The shoe works for all my paces, be it cool runs, tempo runs, 30” repeats, hill repeats, 5kms test run...It just works, and always helps you go forward, and I’ve never felt constricted by the shoe, probably due to the lack of a carbon plate.

The midsole material combined with the R-Camber geometry really propels you, in a very natural way. I’ve looked at my different training intensities and see that the paces were a bit higher, and the sensation was of an easy, forward-propelled floating ride. It may be purely psychological (you know that feeling, you get new shoes, supposed to be “fast shoes”...and they’re red - everybody knows that red is fast...well….) but I like to think that I know myself enough to get rid of this “new toy” sensation.

And most of all, I find the ride “enjoyable” It’s a shoe I may take for every run - if I were less of a geek and always want to compare different shoes. But for me, it works, every time, and I never ended a session with beaten up legs.

John: Like Jeremy, I find the ride very enjoyable. The Phantasm uses the rocker and the firmer foam to produce a not-so harsh and more protective ride when compared to a generic road racing flat. 

In contrast to a carbon plate super-shoe, the Phantasm isn’t in the same league for responsiveness and overall rebound efficiency. Still, I think it is a shoe that would be suitable for longer road races - ½ marathon to full marathon - especially with what Jeremy aptly coins a “forward propelled floating ride”.

I think what separates the Phantasm from a generic foam racing flat and puts it closer in the spectrum toward these responsive carbon shoes is that the midsole stays firm and the R.Camber technology combines to generate a quick transition. Even though the rocker geometry is subtle, it is felt during a heel-to-toe transition and brings a welcome assistance through that transition (especially on tired legs). 

Conclusions and Recommendations

Jeremy: Overall It is not much to say that I’m having a great time running in the S-Lab Phantasm!

The striking almost transparent upper, the enjoyable ride, the overall performance of the shoe and one that really works with my stride without forcing it into the shoe design makes for a fantastic shoe.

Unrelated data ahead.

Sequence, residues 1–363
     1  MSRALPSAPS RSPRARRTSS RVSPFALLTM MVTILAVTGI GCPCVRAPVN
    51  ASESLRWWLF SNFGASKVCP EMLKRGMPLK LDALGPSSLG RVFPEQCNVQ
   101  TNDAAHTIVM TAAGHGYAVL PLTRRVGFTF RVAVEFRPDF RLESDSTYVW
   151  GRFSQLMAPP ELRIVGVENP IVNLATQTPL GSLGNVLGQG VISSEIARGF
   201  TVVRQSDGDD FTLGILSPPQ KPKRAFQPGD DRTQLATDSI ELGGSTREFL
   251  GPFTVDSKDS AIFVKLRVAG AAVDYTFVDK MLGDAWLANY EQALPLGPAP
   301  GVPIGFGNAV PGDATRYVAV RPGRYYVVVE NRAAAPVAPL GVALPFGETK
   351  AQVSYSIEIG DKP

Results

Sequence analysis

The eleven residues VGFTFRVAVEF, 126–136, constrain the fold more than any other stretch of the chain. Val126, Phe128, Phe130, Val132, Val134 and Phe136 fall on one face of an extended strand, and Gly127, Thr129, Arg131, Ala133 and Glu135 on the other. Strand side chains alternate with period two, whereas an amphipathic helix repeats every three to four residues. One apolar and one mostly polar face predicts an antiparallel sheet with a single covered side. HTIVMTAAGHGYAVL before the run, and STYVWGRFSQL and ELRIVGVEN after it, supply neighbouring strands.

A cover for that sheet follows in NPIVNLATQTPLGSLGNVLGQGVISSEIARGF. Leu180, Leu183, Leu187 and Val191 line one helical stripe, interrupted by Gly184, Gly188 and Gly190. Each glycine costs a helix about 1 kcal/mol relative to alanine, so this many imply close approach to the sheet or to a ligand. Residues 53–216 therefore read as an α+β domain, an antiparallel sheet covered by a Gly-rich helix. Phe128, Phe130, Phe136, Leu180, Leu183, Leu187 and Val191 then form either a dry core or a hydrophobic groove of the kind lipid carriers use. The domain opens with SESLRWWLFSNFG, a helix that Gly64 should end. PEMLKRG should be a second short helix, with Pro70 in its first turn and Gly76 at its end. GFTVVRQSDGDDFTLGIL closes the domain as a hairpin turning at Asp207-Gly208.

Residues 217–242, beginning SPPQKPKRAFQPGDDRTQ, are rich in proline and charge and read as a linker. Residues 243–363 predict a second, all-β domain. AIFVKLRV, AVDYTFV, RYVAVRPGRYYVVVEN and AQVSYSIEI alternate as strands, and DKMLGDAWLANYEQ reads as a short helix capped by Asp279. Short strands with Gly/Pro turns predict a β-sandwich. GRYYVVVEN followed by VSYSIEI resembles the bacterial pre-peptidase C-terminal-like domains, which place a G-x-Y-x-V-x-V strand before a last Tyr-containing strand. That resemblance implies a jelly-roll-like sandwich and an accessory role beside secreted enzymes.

It’s comfortable, cushioned (for a long-distance racer, or lightweight trainer, keep in mind that it is not a recovery shoe the likes of a Hoka Clifton of an Adidas UltraBoost of course), springy, dynamic and versatile.

Considering the unstructured upper, it is better to try before buy, as I think it may not work with every foot shape, nor everybody's preference for such a...transparent upper (in a visual and physical meaning).

As someone who usually enjoys Kinvaras, and the Sonic Accelerate, this S-LabPhantasm is just in another class. I should probably try one of the recent plated “super-shoes” to see how it fits in this category.

Score 9.5 /10


Incredibly light and airy upper

Smooth, comfortable ride

R-Camber geometry and midsole material make for a fast, dynamic, propelling ride.

The rice, which looks reasonable in this 200$+ era of carbo-plated shoes….


The thin tongue easily folds on the sides

Laces easily come untied

Unstructured upper is not for everyone.

John: The Salomon S/Lab Phantasm is a special shoe and only for unique use cases. Like all of Salomon’s shoes, the Phantasm is constructed with fine precision and a keen attention to detail. The mesh upper is highly breathable, soft on the foot, and provides just enough support. The three components that provide an energetic and responsive ride are the Energy Surge midsole, R.Camber outsole and Contagrip FA technology. Though not incredibly harsh, the midsole is firmer than a traditional foam racing flat, but gives more flex than those new carbon technologies; and I would say it is a great compromise and middle ground between the two racing shoe varieties. Who should get the Phantasm? I’d say it is mostly for the intermediate to expert runners who want a subtly rockered shoe that efficiently transfers energy into fast paces at road racing distances from 5K to 42K.